No More Heroes Wii

No More Heroes Wii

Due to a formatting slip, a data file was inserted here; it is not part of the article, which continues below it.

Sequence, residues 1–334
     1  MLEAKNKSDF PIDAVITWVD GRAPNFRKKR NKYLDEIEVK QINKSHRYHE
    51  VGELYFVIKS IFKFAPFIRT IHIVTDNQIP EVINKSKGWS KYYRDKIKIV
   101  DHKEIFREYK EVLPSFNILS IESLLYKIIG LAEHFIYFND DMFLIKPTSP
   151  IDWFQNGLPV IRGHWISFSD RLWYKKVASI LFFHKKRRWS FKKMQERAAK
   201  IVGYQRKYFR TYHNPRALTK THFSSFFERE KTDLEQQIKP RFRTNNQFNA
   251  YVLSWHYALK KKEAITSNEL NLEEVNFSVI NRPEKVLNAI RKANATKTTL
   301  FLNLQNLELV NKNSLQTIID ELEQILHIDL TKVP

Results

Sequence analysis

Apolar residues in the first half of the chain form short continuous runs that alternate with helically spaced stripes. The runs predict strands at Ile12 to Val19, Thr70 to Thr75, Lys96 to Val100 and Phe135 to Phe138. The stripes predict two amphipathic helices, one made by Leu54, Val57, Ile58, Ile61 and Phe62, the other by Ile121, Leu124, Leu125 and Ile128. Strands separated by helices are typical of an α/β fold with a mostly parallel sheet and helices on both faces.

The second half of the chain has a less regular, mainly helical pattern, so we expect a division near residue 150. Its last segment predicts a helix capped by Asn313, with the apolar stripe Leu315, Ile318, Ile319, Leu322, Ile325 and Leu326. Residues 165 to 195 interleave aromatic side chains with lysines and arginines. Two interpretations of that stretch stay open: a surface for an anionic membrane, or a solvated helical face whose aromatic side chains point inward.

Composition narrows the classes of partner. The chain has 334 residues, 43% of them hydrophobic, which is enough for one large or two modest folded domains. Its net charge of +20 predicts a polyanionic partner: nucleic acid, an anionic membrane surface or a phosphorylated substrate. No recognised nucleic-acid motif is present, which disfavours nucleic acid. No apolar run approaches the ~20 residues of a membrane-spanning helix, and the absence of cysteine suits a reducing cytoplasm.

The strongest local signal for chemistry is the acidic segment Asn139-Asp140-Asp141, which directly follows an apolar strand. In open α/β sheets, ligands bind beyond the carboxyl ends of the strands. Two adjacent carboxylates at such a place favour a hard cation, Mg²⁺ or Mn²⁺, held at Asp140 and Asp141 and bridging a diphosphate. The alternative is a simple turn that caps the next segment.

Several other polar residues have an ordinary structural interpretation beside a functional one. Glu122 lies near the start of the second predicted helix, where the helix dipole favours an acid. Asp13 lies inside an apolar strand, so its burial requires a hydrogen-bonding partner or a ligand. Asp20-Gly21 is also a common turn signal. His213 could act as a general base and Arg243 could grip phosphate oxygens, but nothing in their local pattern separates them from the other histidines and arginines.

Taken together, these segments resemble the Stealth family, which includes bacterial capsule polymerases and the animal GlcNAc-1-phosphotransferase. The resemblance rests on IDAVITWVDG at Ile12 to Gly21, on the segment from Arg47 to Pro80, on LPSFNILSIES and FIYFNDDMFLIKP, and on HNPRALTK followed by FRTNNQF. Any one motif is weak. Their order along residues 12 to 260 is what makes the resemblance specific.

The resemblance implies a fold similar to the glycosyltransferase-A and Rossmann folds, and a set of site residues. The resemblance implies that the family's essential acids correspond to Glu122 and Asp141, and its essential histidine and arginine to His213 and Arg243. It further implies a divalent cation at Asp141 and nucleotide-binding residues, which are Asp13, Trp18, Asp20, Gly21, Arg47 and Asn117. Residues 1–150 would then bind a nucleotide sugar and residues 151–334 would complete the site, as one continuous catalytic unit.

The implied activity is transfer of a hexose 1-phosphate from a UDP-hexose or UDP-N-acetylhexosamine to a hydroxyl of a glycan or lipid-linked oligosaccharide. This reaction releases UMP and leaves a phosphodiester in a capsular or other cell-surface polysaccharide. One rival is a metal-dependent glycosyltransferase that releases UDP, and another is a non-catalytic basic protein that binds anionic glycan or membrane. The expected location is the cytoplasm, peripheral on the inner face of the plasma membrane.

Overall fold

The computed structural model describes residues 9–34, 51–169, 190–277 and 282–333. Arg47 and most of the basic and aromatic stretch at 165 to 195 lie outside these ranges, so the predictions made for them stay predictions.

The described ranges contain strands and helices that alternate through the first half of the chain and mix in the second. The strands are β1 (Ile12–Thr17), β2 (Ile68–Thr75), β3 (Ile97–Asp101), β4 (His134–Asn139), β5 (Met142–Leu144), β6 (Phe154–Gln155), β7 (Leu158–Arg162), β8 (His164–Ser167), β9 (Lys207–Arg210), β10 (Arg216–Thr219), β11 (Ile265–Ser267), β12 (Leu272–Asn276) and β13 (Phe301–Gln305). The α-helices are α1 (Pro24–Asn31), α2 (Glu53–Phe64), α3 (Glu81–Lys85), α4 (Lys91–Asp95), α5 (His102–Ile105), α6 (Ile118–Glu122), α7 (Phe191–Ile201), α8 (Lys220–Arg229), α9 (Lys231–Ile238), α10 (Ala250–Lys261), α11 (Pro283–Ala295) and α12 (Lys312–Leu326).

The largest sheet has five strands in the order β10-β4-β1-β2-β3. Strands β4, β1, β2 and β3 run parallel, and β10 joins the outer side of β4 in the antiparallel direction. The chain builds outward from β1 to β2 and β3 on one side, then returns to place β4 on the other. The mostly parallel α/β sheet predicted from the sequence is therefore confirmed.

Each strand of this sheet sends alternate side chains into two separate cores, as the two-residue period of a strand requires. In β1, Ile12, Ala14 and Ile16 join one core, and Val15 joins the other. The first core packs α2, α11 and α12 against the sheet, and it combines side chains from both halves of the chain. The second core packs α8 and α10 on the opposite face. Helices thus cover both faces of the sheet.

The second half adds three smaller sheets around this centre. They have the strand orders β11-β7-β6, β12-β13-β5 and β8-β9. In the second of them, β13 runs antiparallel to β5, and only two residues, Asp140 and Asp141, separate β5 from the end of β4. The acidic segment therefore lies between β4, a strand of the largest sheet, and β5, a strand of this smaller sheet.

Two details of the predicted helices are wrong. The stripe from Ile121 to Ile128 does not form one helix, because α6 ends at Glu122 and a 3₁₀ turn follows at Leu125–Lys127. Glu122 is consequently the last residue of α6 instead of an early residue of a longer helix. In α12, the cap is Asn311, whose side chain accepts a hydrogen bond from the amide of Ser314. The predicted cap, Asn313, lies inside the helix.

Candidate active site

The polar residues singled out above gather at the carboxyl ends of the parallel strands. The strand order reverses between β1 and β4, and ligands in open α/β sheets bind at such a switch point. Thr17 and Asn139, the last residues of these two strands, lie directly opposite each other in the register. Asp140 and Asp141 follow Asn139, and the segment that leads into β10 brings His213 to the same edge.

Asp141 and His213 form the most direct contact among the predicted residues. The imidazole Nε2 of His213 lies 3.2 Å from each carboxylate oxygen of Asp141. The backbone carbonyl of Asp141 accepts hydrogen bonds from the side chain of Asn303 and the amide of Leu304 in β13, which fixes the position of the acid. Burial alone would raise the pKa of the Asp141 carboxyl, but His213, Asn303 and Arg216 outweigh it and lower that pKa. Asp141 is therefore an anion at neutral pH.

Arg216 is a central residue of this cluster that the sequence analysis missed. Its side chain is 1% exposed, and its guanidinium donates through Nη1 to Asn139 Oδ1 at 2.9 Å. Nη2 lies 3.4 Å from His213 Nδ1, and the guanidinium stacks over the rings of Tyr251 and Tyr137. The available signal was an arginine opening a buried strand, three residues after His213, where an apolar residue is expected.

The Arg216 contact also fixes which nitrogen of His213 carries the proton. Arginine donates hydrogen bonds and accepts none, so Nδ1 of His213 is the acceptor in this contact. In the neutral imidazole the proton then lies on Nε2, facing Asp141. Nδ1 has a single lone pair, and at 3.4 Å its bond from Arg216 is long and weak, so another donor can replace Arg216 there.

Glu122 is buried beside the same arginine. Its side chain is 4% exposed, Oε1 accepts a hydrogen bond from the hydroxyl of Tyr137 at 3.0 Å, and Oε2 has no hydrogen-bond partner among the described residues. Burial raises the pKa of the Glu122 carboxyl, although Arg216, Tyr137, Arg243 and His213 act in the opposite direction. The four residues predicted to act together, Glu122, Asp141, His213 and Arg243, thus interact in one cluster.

Nintendo fans prepare for a bloody slap to the face (and maybe a suplex) from Suda 51, a gaming iconoclast known for his stylised design, surreal aesthetics and ultra-violent tendencies. This self-declared punk designer, who named his new title No More Heroes after a Stranglers’ song, has always had an "art-first” attitude that can be a love/hate affair. Killer 7, his first game released outside Japan, received mixed reviews largely due to the decision to make it an "on-rails” shooter, a restrictive design rarely used anymore (though the extreme violence also put some people off since it debuted on the kid-friendly GameCube). This time out, Suda 51 — btw: his full name is Goichi Suda and in Japanse, "go” means 5 and "ichi” is 1 — and his Grasshopper Manufacture crew have crafted an open-world game. Albeit one that spends much of its time lovingly satirising sandbox genre conventions, especially side missions, which he has made as mundane as possible. The goal is to become the number one assassin, but to get there you need to raise enough funds to pay your way into the challenges, so you must collect coconuts, pump gas or mow lawns. NMH stars Travis Touchdown, an American hipster-geek slacker inspired by Jackass’s Johnny Knoxville, who is obsessed with Japanese pop culture and Lucha Libre wrestling. He orders a "beam katana” (see: non-copyrighted light sabre) off eBay and proceeds to use it to become the best assassin in the California town of Santa Destroy. The game is replete with oddball touches — you save your game by going to the toilet, collect designer T-shirts and can play with a kitten while chilling at your crib. Not to mention that Travis’s fave anime is called Pure White Lover Bizarre Jelly, the fourth wall is continually broken and the boss battles are ridiculously (if unrealistically) bloody. It’s also big on pop culture allusions — the Star Wars-esque weapon, the bad guy baseball players with "Warriors” on their jerseys, the Tarantino-esque ultra-violence that puts Kill Bill’s House of Blue Leaves battle to shame. It’s not perfect by any means — the graphics could be sharper, the motorbike controls could be (way) tighter, the town more populated and, of course, the story more logical — but it’s the Wii’s coolest game yet, not a common adjective for a console that makes you waggle your arms in the air. (Grasshopper Manufacture/Ubisoft)